Horowitz, J., Normand, M.D. and Peleg, M. 1999. On modeling the irregular fluctuations in microbial counts. Critical Reviews Food Science Nutrition 39(6):503-517.

Corradini, M.G., Normand, M.D., Nussinovitch A., Horowitz, J. and Peleg, M. 2001. Estimating the frequency of high microbial counts in industrial food products using various distribution functions. J. Food Prot. 65(3):674-681.

Sturges, H. 1926. The Choice of a Class Interval, Journal of the American Statistical Association 21:65-66. (Thanks to Walter A. Rosenkrantz)

Rosenkrantz, W.A. 2000. Confidence bands for quantile functions: A parametric and graphic alternative for testing goodness of fit. The American Statistician 54(3):185-190.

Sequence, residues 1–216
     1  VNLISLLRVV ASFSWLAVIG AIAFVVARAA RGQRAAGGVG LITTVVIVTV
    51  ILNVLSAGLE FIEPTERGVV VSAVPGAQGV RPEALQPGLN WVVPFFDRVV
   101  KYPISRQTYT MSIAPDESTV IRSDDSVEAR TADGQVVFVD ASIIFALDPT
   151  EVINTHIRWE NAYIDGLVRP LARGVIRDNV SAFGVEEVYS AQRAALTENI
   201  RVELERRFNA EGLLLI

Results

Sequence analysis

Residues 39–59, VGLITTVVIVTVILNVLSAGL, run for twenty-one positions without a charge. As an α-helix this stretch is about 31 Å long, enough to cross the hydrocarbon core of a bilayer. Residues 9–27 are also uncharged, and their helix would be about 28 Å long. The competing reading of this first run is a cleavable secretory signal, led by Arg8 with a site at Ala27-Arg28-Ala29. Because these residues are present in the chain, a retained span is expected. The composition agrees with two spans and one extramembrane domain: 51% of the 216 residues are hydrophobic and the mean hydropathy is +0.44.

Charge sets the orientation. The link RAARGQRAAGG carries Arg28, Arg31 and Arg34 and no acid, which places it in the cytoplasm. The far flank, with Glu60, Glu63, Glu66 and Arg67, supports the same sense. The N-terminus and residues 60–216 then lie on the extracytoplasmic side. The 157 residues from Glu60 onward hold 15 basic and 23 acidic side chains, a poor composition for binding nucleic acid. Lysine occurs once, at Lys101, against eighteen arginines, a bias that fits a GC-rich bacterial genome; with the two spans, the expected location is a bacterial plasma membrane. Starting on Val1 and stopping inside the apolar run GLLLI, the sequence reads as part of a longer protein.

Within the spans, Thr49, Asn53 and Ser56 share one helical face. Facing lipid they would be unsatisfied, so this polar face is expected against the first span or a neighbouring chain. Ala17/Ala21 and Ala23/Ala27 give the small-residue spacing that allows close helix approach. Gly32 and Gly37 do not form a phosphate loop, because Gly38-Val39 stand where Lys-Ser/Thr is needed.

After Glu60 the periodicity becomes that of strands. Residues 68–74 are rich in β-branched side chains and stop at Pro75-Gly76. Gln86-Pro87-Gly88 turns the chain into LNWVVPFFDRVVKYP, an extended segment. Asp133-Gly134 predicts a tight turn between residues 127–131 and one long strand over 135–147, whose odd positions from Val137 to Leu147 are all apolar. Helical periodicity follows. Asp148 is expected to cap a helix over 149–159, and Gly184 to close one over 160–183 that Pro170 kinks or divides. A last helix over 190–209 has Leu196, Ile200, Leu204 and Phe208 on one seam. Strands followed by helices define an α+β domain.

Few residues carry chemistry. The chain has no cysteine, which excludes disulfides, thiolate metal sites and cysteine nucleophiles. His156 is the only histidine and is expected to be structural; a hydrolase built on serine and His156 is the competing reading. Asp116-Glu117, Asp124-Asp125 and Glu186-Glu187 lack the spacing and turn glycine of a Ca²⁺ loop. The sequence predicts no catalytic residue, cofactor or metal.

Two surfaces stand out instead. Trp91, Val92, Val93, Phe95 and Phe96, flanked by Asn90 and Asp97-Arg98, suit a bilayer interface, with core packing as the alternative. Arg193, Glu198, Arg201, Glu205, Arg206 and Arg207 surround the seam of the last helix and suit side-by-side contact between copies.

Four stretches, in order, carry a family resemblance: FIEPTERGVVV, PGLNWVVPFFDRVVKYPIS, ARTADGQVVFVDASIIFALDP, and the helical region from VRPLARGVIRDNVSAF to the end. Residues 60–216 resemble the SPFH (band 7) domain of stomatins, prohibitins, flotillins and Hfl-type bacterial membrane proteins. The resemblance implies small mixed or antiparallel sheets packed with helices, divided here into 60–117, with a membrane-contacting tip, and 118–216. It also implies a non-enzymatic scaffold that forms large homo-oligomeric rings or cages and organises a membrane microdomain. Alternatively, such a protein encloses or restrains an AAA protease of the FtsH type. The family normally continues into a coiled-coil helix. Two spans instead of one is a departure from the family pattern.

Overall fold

Model by:Micha Peleg Tel: 413-545-5852 Professor Fax: 413-545-1262 E-mail: micha.peleg@foodsci.umass.edu

Worksheet by:Mark D. Normand Tel: 413-545-2365 EDP Programmer II Fax: 413-545-1262 E-mail: mnormand@foodsci.umass.edu

Both located at:Department of Food Science Chenoweth Laboratory University of Massachusetts Amherst, MA 01003-1410

http://people.umass.edu/aew2000/MicCountProb/microbecounts.html

The research on which this worksheet is based was supported by the USDA NRI (Food Safety) Program. The authors express their gratitude to the USDA for its support and to Prof. Walter A. Rosenkrantz for his helpful technical assistance.